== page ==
in the migration of young persons to the old Länder. The Committee
is further concerned that vocational training programmes for the youth
are not adequately adapted to their needs.
the ILO, the Committee is concerned about the persisting impediments
to women in German society, in terms of promotion in employment and
equal wages for work of equal value, both in the private and public
sectors, and especially in federal bodies and academic institutions,
despite the efforts of the State party to give a new impetus to the
equal participation of women in the labour market.
20. The Committee
is concerned that the State party has not adequately addressed the
issue of illegal workers who are employed in the "shadow economy",
such as workers in households, hotel and catering industries, agriculture
and the cleaning and building industries, who do not enjoy any rights
or protection and do not get paid regularly or adequately.
21. The Committee
is concerned that prisoners who undertake labour for private companies
may be doing so without having expressed their prior consent.
22. The Committee
reiterates its concern, in line with the Human Rights Committee and
the ILO Committee of Experts, that the prohibition by the State party
of strikes by public servants other than public officials who do not
provide essential services, such as judges, so-called Beamte
and teachers, constitutes a restriction of the activities of trade
unions that is beyond the scope of article 8 (2) of the Covenant.
The Committee disagrees with the State party's statement that "a strike
would be incompatible with this duty of loyalty and would run counter
to the purpose of a professional civil service" (E/C.12/4/Add.3, para.
82), as this interpretation of "the administration of the State" mentioned
in article 8 (2) of the Covenant exceeds the more restrictive interpretations
by the Committee, the ILO (Convention No. 98) and the European Court
23. The Committee
is concerned that the State party's reformed social security, and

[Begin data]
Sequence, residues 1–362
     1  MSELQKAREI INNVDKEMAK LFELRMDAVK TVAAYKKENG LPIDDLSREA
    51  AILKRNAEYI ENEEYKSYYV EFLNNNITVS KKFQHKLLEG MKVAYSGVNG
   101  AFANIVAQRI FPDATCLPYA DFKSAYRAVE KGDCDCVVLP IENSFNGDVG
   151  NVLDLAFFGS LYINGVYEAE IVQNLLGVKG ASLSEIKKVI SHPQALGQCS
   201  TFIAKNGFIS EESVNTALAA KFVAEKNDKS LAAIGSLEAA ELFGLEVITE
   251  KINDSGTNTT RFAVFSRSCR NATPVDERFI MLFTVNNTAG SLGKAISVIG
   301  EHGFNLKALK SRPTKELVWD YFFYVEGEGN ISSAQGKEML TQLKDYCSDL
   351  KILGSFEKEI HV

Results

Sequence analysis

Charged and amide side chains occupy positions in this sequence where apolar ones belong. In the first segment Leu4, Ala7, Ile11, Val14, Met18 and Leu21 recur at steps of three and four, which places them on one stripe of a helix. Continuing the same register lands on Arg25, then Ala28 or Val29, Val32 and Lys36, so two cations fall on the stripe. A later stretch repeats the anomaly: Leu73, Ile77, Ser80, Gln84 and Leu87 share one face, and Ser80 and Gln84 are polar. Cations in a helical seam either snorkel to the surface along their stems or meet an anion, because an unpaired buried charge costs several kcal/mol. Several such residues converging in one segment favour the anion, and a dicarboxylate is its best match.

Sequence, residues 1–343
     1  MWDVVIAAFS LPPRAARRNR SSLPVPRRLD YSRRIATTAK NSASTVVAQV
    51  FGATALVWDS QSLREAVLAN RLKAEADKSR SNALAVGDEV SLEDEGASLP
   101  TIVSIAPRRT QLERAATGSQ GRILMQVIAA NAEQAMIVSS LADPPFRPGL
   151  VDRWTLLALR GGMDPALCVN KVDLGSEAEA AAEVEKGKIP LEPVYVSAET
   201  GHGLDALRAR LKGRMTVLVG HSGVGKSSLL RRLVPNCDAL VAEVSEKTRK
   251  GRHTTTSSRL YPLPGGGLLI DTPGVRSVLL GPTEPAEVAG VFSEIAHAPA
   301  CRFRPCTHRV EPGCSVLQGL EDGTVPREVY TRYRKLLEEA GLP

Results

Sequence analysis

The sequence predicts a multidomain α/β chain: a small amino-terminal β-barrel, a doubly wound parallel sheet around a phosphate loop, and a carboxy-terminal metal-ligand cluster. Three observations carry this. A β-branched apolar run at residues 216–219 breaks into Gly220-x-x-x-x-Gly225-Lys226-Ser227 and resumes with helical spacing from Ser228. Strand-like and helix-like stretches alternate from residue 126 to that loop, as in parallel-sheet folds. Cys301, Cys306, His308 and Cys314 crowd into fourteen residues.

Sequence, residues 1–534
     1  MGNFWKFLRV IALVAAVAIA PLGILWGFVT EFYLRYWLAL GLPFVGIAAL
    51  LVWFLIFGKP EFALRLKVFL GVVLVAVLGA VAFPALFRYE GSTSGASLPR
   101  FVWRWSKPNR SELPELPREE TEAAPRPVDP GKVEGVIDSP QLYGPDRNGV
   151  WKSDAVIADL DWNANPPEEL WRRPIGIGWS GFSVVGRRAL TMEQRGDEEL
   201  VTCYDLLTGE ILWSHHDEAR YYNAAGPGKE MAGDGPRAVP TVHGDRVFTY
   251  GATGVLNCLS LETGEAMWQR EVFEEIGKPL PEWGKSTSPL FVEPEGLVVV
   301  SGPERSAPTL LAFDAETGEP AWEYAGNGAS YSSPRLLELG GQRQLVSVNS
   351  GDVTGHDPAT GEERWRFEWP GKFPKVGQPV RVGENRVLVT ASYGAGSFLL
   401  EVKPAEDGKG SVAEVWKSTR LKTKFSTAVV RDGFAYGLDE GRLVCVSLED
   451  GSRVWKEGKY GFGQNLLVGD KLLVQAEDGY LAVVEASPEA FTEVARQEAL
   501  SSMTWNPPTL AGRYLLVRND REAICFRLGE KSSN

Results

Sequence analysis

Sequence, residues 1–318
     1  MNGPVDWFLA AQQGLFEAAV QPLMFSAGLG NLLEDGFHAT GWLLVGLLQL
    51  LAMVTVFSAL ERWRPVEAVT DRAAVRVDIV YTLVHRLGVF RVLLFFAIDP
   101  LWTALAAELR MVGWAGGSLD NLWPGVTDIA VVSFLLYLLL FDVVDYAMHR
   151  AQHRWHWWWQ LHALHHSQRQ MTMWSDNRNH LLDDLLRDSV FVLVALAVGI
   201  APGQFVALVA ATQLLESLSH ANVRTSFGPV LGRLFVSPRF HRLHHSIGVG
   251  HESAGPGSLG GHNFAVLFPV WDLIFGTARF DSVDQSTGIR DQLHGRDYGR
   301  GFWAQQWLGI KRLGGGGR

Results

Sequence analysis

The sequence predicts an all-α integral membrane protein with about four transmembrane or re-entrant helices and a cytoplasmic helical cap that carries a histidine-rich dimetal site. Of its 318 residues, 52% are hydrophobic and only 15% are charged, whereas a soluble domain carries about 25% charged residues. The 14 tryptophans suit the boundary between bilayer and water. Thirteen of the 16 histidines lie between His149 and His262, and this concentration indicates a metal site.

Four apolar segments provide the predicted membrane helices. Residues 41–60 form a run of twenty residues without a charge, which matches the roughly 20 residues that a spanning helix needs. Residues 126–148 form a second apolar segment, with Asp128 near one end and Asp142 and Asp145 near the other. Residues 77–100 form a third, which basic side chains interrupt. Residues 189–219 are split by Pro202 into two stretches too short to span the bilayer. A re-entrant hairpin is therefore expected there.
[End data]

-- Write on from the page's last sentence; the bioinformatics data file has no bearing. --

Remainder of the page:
the pension system under reform, do not take sufficiently into consideration
the needs of families, women, elderly persons and the more disadvantaged
groups in society. The Committee notes that the pension reform is
currently still in progress, but that the Federal Constitutional Court
recently referred to potential discrimination against families under
the scheme as envisaged.
24. The Committee
expresses its grave concern about inhumane conditions in nursing homes
owing to structural deficiencies in nursing, as confirmed by the Medical
Service of the national associations of health insurances (MDS).
25. The Committee
is concerned that the victims of trafficking in persons, and in particular
women, are doubly victimized, owing to a lack of sensitization of
police, judges and public prosecutors, a lack of appropriate care
for victims, and the risks and dangers awaiting them upon deportation
to their home countries.
26. The Committee
is concerned about the shortage of child day care institutions, which
constitutes an obstacle to women's equal participation in the labour
market, as well as to the State party's efforts to promote gender
27. The Committee
reiterates its concern that the State party has not yet established
a definition of poverty, nor a poverty threshold. The Committee is
particularly concerned about the fact that social assistance provided
to the poor and socially excluded - such as single parents, students
and disabled pensioners - under the Federal Social Assistance Act
is not commensurate with an adequate standard of living.
28. The Committee
reiterates its concern about the rising number and plight of homeless
persons in Germany, as mentioned in the Committee's concluding observations
29. The Committee
is concerned that several Länder have abandoned the principle of free
higher education by requiring the payment of fees, which in some cases
are allocated to cover administrative costs of the Länder, and not
E. Suggestions and recommendations
the limited functions and powers of the DIMR, the Committee recommends
that the State party take steps either to extend the Institute's functions
and powers, or to establish a separate national human rights institution
with broad functions and powers, such as those indicated in paragraph
12. In the meantime, the Committee recommends that the DIMR, consistent
with its existing functions and powers: devote the same attention
to economic, social and cultural rights as to civil and political
rights; organize programmes to raise awareness of economic, social
and cultural rights, especially among public officials, lawyers and
the judiciary; give particular attention to the relationship between
human rights and international cooperation; and be responsible for
preparing a comprehensive plan of action, as called for in Part II,
paragraph 71, of the Vienna Declaration and Programme of Action.
31. The Committee
encourages the State party, as a member of international financial
institutions, in particular the International Monetary Fund and the
World Bank, to do all it can to ensure that the policies and decisions
of those organizations are in conformity with the obligations of States
parties to the Covenant, in particular the obligations contained in
articles 2 (1), 11, 15, 22 and 23 concerning international assistance
32. The Committee
suggests that the State party review and strengthen its institutional
arrangements within the public administration, to ensure that its